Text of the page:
The General Data Protection Regulation (GDPR)

What is Personal Data?

Personal Data refers to any information relating to an identified natural person, including biometric data, genetic data, health data, and more.

Genetic Data refers to any information concerning the physiological and genetic structure of a natural person.

Biometric Data refers to any genetic information that confirms the identity of a natural person.

Health Data refers to any information concerning the state of mental or physical health, or any health care services used to manage a natural person’s health.

A Personal Data Breach refers to an accidental or illegal loss, adjustment, unauthorized communication of, or access to, personal data.


What is the General Data Protection Regulation?

The General Data Protection Regulation, or GDPR, is an essential component of EU Privacy Laws and Human Rights Laws. It is an important part of the Charter of Fundamental Rights of the European Union. This regulation governs the protection, processing, and free movement of personal data. 

The regulations cover the movement of data within the EU and from outside the EU, creating a secure, international business standard.


The regulations’ laws concern the rights of the natural persons involved, rather than a company or business as a whole. The laws extend to the movement and processing of personal data within a semi- or fully automated, or non-automated system.

There are no restrictions on the movement of personal data within unions if it concerns the protection or processing of such data.


The Principles of GDPR

Lawfulness, fairness, and transparency

This principle states that all processing or movement of personal data must abide by the laws, and allow complete, equal trust between both parties.


Purpose Limitation

Purpose limitation is a fancy way of saying, “do only what you came here to do.” This means there should be a set purpose as to why the organization is processing the personal information of the data subject/s.

The actions taken with regard to the data should only concern the purpose. The data should not be processed in any way that goes beyond the original intention.


Data Minimisation

Similar to purpose limitation, but governs the limitation of what data is taken from natural persons in the first place. Meaning that the least amount of data should be recorded in order to complete the task. If an organization doesn’t need the personal names, ages, or gender for whatever purpose it may be, it’s best to leave those questions out.



The principle of accuracy refers to ensuring that any personal data is up-to-date and reflects the natural persons true personal data. Using inaccurate data can be detrimental to the client as well as the organization’s intentions for the data.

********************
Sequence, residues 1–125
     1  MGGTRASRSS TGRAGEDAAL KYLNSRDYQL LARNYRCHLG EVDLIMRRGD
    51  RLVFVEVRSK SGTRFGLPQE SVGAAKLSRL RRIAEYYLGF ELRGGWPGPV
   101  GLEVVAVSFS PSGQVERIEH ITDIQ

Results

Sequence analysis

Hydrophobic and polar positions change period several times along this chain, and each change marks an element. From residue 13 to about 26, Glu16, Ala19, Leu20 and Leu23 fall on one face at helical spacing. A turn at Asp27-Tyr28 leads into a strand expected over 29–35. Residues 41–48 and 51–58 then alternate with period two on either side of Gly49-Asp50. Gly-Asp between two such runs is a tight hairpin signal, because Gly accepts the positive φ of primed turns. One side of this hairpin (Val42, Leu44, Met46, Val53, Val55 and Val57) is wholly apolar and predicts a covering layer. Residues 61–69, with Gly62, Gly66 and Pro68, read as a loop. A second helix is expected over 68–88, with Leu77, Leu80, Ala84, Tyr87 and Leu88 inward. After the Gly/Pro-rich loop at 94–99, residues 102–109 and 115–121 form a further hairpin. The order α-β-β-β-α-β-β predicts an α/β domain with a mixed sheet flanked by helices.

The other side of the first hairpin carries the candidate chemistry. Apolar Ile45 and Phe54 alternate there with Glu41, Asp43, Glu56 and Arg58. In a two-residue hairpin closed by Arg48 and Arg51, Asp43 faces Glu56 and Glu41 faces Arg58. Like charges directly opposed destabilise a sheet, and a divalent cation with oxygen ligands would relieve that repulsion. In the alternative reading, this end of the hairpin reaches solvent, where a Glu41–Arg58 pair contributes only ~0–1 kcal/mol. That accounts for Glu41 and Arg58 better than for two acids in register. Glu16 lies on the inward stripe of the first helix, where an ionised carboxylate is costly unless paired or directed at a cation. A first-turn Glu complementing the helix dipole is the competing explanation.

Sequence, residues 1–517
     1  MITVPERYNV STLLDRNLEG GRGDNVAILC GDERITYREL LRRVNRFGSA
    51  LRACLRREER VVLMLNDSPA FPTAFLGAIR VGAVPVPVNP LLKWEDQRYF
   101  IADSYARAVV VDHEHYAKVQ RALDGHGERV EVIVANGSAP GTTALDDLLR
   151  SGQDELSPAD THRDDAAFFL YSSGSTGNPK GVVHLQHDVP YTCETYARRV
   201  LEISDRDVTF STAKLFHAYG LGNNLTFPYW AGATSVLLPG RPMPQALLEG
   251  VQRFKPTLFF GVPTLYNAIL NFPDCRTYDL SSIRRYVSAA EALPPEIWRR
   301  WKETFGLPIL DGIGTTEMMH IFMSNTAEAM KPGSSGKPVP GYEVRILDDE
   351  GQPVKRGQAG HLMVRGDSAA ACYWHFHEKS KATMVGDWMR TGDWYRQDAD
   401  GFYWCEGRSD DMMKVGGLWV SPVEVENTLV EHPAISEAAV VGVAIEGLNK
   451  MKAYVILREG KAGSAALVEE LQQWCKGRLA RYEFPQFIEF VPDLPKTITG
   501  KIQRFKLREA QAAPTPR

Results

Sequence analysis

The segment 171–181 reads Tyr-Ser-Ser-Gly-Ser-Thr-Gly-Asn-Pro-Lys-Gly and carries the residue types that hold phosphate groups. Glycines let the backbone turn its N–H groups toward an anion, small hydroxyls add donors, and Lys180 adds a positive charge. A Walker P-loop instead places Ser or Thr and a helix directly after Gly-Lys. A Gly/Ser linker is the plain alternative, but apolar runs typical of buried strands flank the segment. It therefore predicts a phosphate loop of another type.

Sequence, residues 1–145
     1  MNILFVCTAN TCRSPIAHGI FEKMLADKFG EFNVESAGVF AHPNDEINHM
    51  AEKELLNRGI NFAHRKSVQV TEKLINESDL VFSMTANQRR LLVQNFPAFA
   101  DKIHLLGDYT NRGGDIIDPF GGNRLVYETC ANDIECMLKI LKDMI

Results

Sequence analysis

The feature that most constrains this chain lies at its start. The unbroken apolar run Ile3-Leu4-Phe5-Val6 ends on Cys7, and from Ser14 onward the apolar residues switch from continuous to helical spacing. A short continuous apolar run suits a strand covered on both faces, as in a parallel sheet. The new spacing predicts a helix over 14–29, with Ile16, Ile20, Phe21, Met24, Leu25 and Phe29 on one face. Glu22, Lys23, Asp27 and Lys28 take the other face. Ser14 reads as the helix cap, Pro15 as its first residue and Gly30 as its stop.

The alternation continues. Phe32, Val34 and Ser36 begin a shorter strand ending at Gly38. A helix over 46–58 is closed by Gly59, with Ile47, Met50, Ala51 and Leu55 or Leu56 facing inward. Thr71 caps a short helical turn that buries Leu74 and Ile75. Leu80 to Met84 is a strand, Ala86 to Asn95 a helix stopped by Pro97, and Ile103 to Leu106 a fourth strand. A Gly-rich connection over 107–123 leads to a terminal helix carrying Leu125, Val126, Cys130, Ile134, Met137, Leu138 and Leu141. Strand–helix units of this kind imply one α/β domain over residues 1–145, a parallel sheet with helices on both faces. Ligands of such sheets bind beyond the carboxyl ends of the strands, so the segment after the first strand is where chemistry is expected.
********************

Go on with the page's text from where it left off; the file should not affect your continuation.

Any inaccurate personal data must be updated or removed immediately.


Storage Limitation

This refers to limiting the period over which personal data is used for specific purposes. The only exceptions are for authorized archiving purposes, such as for scientific or historical research.


Integrity and Confidentiality 

This refers to an organization’s ability to securely process personal data, and ensure that no risk of damage, loss, or unauthorized access will occur.



An organization is accountable for damage to, loss, or accidental distribution of personal data without prior consent. As well as they are accountable for any unforeseen outcomes of processing and moving such data. It is up to the organization to ensure lawful use of data and to take responsibility when this obligation is splintered.


GDPR Rights

The Right of Access to Personal Data

Article 15 confirms that access to personal data is a data subject’s right. This allows access to anything regarding the data, including the actual process used on the data and a copy of the data itself.


The Right to Rectification

At any moment, a data subject may reach out to a data controller and immediately correct any false or out-of-date personal data. This includes the ability to complete any incomplete data, or further expand on existing data.


The Right to Erasure

Originally “the right to be forgotten”, the right of erasure refers to a data subject’s right to retract or remove any personal data. There are a multitude of accepted justifications for erasure, as long as it occurs within 30 days of the personal data being received.


The Right to Restraint of Processing

This allows any data subject to reject data processing by data controllers that have justified rights to hold onto personal data. In such cases, the data controller may keep the information with them, but cannot use it.


The Right to Data Portability

This is the data subject’s right to attain personal data from a data controller. The data must come in a machine-readable format. This also covers the right to transfer the data to another data controller without issues from the original controller.

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